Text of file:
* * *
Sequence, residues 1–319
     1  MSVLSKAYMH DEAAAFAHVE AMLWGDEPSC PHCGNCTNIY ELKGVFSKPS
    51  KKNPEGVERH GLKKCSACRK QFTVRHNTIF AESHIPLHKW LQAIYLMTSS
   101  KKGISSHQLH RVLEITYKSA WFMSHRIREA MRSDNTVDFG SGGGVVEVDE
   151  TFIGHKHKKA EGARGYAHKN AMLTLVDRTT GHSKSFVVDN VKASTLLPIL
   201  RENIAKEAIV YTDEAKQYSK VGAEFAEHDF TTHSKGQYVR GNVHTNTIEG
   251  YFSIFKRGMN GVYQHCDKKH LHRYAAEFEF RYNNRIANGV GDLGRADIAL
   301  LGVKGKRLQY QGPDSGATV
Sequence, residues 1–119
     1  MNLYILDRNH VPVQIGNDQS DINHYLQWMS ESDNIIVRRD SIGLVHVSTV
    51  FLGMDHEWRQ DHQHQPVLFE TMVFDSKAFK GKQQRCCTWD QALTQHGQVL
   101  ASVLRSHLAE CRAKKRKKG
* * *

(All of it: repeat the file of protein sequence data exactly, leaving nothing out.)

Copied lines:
Sequence, residues 1–319
     1  MSVLSKAYMH DEAAAFAHVE AMLWGDEPSC PHCGNCTNIY ELKGVFSKPS
    51  KKNPEGVERH GLKKCSACRK QFTVRHNTIF AESHIPLHKW LQAIYLMTSS
   101  KKGISSHQLH RVLEITYKSA WFMSHRIREA MRSDNTVDFG SGGGVVEVDE
   151  TFIGHKHKKA EGARGYAHKN AMLTLVDRTT GHSKSFVVDN VKASTLLPIL
   201  RENIAKEAIV YTDEAKQYSK VGAEFAEHDF TTHSKGQYVR GNVHTNTIEG
   251  YFSIFKRGMN GVYQHCDKKH LHRYAAEFEF RYNNRIANGV GDLGRADIAL
   301  LGVKGKRLQY QGPDSGATV
Sequence, residues 1–119
     1  MNLYILDRNH VPVQIGNDQS DINHYLQWMS ESDNIIVRRD SIGLVHVSTV
    51  FLGMDHEWRQ DHQHQPVLFE TMVFDSKAFK GKQQRCCTWD QALTQHGQVL
   101  ASVLRSHLAE CRAKKRKKG